Maduro sworn in as Venezuela sets vote recount
Bill Van Auken
20 April 2013
Nicolás Maduro, handpicked by the late Hugo Chávez as his successor, was sworn in as Venezuela’s president Friday, just one day after the government’s National Electoral Council, or CNE, announced that it would cede to the demand of the right-wing opposition for a complete audit of the April 14 presidential vote.
Maduro delivered a long and meandering speech after his formal swearing-in. He combined vows to complete the “socialist revolution” in Venezuela with appeals to the country’s capitalists to cooperate in developing its economy. He recounted that just the day before he had “extended my hand to our businessmen.” He announced that his government was working on plans for special economic zones in which “Public, private, national and international” capital would work together with “flexibility.” He also declared that he found the example of Guangdong province—containing both China’s greatest numbers of billionaires and its most exploited workers—“very interesting.”
At one point in the speech, a young man rushed the podium seizing the microphone out of Maduro’s hand before he was hustled away. “This was a complete failure of security,” he said when he was able to resume his speech. “They could have put a bullet in me here.”
The CNE’s decision Thursday came in response to a formal appeal by the right-wing candidate Henrique Capriles and the coalition that backed him, which is known as MUD.
Initially, Maduro had indicated his support for such an audit of the April 14 vote, which saw the previously two-digit lead won by Chávez against similar opponents to barely 1.8 percent, or less than 275,000 votes out of nearly 15 million cast. He then shifted his position opposing such a measure.
The shift back again to support for a complete audit (54 percent of the ballot boxes were already audited in the course of the election count) appears to be part of a calculated decision by both factions of the Venezuelan bourgeoisie—the chavistas and the US-backed right—to back off from a direct confrontation after violence in the aftermath of the election left at least eight people dead, scores wounded and at least 150 arrested.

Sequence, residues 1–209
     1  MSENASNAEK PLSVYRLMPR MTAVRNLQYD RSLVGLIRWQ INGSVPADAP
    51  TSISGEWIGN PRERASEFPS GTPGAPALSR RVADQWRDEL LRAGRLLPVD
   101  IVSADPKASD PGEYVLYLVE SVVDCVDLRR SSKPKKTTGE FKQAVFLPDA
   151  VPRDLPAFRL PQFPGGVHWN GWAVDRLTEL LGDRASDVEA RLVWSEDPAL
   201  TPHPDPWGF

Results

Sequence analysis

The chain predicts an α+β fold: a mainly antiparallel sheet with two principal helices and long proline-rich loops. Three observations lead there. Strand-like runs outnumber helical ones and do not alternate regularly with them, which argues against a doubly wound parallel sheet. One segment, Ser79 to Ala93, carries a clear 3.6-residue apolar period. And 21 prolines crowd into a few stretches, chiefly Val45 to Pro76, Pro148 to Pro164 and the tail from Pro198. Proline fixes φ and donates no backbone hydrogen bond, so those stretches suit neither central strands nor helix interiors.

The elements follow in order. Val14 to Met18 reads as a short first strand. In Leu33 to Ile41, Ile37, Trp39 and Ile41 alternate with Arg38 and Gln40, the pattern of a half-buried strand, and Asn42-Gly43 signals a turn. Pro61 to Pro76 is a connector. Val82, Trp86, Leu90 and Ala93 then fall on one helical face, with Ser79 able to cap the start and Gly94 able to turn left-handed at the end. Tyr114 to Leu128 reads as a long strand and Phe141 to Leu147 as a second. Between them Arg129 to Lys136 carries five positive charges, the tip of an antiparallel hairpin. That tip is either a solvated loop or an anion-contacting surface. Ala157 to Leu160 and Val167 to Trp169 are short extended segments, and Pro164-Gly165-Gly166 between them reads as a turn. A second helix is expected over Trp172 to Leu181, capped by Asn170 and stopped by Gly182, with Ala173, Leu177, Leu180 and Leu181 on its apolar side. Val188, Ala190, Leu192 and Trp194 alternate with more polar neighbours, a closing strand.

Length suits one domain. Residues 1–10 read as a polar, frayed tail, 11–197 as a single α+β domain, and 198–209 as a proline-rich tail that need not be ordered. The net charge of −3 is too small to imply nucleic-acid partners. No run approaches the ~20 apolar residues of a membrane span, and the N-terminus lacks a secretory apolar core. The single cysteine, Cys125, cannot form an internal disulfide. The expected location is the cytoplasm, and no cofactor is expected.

Capriles issued a call in the immediate aftermath of the election being declared for Maduro for his supporters to take to the streets to “defend their vote” and to march on local offices of the CNE. The call was answered with violent demonstrations, including in some of the most well-heeled neighborhoods of Caracas, as well as attacks by fascist bands on Maduro supporters and on state-run health clinics, government offices and homes of state officials.
Maduro charged that the right was attempting to mount a coup, backed by Washington, and announced that the government would not allow a mass demonstration called by Capriles and his backers for Wednesday in the Venezuelan capital.
Capriles tried to disassociate himself from the violence and urged his supporters not to march but remain home and engage in cacerolazos —beating pots and pans. He alleged that the government and its supporters intended to provoke a confrontation.
Capriles accepted the CNE’s decision for a complete audit of the ballots, even though he had previously demanded a vote-by-vote recount. He claimed that the audit would confirm his charges of “fraud,” for which he and his supporters have been unable to present any objective evidence.
The right wing’s continuing challenge is fueled in large measure by support from Washington, which has refused to recognize Maduro’s election.
Speaking before the House Foreign Affairs Committee on Thursday, Secretary of State John Kerry echoed the right’s demand. “We think there ought to be a recount,” he said. “I don’t know whether it’s going to happen.”